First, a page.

In the ongoing shift to passive, index-based investment strategies, more fund providers are taking a closer look at their benchmark indices to try and reduce costs wherever they can, which ultimately will benefit the end exchange traded fund investor.
Index providers have for years been raking in cash from licensing them to exchange traded products and mutual funds. However, in the ongoing proliferation of passive and low-cost strategies, low fees have become an important selling point in attracting investment flows, so more firms have decided to save money by working with cheaper indexers or building their own in-house indices, reports Rachel Evans for Bloomberg.
“In the great cost migration, nothing is safe,” Eric Balchunas, an ETF analyst with Bloomberg Intelligence, told Bloomberg. “You can probably count on one hand how many indexes are at the rock-star level where the ETF issuer will probably never mess with them but everybody else is vulnerable.”
According to recent earnings reports, S&P Global Inc., MSCI Inc. and the London Stock Exchange Group Plc’s FTSE Russell – the three largest benchmark providers – saw over $1 billion in index revenue in the six months ended June, compared to $858 million for the same period last year.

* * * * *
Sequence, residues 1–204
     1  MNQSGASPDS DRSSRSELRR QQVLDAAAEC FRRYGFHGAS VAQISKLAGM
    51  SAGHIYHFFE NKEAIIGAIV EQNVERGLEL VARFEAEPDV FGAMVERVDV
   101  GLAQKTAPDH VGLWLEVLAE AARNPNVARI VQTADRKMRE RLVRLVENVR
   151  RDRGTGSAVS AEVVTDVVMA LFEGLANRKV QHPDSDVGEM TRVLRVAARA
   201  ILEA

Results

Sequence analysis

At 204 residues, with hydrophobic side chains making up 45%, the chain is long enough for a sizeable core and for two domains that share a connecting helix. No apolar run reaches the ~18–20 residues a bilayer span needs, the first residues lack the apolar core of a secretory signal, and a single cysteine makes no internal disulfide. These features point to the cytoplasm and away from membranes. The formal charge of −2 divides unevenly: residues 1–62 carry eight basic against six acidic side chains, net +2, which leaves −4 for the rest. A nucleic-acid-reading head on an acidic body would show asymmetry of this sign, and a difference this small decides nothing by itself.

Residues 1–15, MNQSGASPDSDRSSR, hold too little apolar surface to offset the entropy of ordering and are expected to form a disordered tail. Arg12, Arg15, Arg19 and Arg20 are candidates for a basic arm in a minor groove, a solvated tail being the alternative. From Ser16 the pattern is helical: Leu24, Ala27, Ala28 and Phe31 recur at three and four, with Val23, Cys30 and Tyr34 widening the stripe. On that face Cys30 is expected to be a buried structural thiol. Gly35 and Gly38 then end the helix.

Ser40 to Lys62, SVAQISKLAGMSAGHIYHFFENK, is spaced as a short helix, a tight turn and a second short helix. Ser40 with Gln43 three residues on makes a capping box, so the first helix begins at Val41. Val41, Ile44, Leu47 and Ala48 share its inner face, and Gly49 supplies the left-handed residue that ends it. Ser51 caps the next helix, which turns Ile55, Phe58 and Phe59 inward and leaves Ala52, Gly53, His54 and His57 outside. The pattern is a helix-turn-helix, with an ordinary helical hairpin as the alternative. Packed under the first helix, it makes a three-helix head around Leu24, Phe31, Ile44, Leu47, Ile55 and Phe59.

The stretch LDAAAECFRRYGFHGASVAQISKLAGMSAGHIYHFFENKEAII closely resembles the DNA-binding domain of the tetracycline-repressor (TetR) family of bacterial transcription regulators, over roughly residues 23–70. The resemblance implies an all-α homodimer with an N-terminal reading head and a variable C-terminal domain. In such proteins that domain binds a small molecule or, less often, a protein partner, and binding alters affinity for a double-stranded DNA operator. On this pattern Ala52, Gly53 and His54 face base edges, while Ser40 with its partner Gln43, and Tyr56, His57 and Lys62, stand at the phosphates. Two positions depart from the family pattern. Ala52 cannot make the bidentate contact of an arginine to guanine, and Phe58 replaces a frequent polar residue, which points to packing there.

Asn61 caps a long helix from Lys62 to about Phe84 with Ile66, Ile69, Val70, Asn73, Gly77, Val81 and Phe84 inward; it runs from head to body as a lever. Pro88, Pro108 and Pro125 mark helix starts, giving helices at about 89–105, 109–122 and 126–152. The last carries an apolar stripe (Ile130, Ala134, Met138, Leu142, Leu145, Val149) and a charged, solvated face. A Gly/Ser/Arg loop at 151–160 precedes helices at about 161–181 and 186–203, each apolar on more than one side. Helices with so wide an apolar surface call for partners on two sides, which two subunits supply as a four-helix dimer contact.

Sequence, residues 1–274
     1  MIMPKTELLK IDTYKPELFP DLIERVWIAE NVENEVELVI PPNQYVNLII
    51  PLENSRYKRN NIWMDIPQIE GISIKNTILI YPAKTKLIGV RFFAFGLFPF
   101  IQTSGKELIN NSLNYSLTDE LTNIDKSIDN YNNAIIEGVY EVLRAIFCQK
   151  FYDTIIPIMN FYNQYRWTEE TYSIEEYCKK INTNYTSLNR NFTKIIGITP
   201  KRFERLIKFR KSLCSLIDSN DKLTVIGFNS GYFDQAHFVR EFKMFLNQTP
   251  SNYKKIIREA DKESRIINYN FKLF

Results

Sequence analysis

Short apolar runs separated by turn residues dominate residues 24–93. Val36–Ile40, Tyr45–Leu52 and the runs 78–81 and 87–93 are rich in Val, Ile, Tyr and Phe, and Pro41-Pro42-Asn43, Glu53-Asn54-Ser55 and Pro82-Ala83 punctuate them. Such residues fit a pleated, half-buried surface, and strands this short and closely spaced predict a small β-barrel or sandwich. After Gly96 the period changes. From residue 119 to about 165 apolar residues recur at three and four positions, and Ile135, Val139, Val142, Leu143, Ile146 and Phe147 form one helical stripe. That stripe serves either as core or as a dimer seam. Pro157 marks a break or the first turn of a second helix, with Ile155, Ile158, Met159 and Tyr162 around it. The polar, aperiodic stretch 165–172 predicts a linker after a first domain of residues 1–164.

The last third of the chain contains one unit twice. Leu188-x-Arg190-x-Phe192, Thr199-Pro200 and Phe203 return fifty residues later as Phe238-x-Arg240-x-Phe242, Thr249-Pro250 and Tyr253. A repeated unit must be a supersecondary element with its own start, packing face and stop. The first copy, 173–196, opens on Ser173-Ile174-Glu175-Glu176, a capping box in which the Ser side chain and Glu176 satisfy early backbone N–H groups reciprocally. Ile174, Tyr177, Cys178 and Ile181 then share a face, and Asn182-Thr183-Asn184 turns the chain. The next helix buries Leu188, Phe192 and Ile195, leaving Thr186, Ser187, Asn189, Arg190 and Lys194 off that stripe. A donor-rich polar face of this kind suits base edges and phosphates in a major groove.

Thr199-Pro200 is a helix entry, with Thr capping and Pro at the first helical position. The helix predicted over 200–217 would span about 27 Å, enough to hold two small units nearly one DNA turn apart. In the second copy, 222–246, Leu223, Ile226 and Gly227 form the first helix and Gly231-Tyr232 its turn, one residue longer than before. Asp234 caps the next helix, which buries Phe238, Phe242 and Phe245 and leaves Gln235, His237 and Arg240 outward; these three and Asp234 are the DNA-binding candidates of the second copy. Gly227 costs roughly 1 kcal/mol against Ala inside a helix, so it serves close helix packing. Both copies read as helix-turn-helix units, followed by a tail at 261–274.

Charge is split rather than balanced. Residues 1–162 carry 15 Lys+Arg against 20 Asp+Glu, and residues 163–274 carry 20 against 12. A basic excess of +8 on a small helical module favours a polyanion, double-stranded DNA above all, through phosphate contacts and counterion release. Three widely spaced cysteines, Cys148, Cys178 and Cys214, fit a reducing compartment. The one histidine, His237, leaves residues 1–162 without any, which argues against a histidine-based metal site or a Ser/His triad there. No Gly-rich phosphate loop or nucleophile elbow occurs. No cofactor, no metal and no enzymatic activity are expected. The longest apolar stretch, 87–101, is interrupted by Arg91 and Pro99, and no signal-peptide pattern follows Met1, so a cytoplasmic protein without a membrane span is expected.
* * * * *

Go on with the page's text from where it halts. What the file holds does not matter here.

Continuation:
Supporting the rising revenue among indexers, money in index-based portfolios have surged, with U.S.-listed ETFs now holding over $3 trillion in assets under management, compared to $400 billion a decade ago.
Issuers would typically pay an indexer a fee based on a percentage of the fund’s assets. For instance, MSCI’s fees averaged 3.08 basis points in the first quarter.
Now, more fund providers are taking a second look at expenses as more investors turn to the cheapest strategies.